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Psych Congress  

Switching to Lurasidone in Patients With Schizoaffective Disorder: Safety, Tolerability and Effectiveness

Peter Werner PhD
Andrei Pikalov MD, PhD
Jay Hsu PhD
Josephine Cucchiaro PhD
Antony Loebel MD
Sunovion Pharmaceuticals Inc.

Objectives: To evaluate the tolerability and effectiveness of switching stable patients with schizoaffective disorder to lurasidone utilizing three different switch strategies. 

Methods: Non-acute patients with schizophrenia or schizoaffective disorder who were candidates for therapeutic switching from their current antipsychotic were randomized to three 6-week, open-label lurasidone switch strategies: a 40/40 group (N=74) started on 40 mg/d for 14 days; a 40/80 group (N=88) started on 40 mg/d for 7 days, then increased to 80 mg/d for 7 days; and an 80/80 group (N=82) with 80 mg/d for 14 days. All patients were then treated for 4 weeks with flexible doses of lurasidone (40-120 mg/d). Time to treatment failure was evaluated as the primary outcome.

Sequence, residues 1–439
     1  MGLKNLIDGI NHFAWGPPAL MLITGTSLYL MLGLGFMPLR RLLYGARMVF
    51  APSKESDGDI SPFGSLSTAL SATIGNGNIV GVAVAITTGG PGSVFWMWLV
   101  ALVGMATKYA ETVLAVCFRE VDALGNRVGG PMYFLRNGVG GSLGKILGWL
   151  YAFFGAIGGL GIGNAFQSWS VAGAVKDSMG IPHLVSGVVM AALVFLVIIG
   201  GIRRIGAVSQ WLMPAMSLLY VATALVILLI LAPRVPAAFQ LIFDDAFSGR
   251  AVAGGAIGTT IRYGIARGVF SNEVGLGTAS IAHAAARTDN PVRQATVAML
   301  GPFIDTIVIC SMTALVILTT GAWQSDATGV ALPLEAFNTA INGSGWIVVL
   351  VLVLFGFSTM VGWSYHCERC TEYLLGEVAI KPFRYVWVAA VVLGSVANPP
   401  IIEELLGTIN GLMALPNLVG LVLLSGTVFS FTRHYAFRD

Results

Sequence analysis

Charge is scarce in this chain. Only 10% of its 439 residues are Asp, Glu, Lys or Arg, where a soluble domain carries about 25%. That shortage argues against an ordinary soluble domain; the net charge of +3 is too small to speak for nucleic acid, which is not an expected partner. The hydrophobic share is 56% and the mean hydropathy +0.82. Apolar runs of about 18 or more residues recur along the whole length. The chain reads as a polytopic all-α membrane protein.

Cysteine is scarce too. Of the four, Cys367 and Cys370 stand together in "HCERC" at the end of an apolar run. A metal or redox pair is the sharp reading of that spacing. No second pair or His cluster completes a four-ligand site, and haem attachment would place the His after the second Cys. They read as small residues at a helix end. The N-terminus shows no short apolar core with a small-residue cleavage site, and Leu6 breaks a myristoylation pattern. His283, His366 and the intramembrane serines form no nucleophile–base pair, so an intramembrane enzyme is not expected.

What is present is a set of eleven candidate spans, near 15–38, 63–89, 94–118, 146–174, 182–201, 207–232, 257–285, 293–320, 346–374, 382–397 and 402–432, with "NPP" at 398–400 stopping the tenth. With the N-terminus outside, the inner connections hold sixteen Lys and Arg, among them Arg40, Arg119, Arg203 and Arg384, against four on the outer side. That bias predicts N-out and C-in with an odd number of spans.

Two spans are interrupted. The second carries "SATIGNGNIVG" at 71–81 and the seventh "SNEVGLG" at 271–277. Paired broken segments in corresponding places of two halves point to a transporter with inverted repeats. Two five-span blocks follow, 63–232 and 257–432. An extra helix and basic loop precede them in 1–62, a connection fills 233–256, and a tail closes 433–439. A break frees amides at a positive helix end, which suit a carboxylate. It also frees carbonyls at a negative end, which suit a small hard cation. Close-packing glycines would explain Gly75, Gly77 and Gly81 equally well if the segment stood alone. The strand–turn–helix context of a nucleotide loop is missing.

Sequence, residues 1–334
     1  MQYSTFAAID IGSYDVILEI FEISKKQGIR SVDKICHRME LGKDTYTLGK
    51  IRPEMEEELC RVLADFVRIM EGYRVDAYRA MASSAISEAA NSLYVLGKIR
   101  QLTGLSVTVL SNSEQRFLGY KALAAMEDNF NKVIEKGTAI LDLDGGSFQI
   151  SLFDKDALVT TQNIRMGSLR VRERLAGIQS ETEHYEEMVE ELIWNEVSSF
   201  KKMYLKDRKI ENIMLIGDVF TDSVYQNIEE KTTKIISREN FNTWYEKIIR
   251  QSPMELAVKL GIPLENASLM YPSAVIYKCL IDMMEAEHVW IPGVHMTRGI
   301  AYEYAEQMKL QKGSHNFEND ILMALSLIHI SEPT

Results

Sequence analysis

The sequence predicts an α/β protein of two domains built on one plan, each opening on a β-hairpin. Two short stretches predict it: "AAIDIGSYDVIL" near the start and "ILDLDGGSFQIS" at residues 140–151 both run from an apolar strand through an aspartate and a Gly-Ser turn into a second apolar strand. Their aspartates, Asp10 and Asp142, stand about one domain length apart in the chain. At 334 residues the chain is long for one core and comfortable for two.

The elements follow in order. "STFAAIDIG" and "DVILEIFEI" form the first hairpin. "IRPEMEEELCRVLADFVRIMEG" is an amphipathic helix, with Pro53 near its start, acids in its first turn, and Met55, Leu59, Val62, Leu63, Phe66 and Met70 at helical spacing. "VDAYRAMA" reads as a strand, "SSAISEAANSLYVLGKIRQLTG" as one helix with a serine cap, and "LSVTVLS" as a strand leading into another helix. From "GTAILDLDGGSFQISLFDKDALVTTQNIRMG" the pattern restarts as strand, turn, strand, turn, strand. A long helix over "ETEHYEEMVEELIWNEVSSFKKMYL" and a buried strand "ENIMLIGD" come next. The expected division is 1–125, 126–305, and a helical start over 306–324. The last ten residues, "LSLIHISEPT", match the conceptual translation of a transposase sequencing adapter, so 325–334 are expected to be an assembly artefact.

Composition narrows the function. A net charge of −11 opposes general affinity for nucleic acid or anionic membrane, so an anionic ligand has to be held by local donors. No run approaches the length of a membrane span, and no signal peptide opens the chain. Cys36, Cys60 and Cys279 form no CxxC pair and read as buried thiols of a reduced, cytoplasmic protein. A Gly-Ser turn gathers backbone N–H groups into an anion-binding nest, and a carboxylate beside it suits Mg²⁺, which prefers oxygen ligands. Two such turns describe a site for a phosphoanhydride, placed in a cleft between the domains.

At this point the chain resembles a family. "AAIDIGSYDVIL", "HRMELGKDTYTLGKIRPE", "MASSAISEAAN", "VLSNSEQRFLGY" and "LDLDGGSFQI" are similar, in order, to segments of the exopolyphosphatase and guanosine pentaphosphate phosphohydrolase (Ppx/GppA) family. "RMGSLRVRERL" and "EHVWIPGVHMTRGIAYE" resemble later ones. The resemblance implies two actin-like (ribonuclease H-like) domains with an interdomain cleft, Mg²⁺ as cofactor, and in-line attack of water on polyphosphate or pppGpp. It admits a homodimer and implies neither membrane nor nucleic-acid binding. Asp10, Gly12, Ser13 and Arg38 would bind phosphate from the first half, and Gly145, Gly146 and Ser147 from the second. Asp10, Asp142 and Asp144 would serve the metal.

Results: 37% of patients (n=91) met DSM-IV-TR criteria for schizoaffective disorder. Upon switching to lurasidone 6.6% (6 patients) discontinued due to adverse events. No clinically meaningful differences in completion rates were observed between the three initial dosing strategies. Two patients experienced treatment failure in each group. The five most commonly reported adverse events in patients with schizoaffective disorder were nausea (22.5%), insomnia (14.6%), akathisia (12.4%), vomiting (10.1%), and headache (9.0%). The mean PANSS total score at baseline in the schizoaffective disorder population was 72.1, with an LS Mean change at Week 6 of -6.3 (95% CI: -8.1; -4.5; LOCF). 

Conclusions: Lurasidone was effective and well-tolerated in stable patients with a diagnosis of schizoaffective disorder who were switched from other antipsychotic agents. Study completion rates and treatment failure rates were similar across the three switch strategies. 

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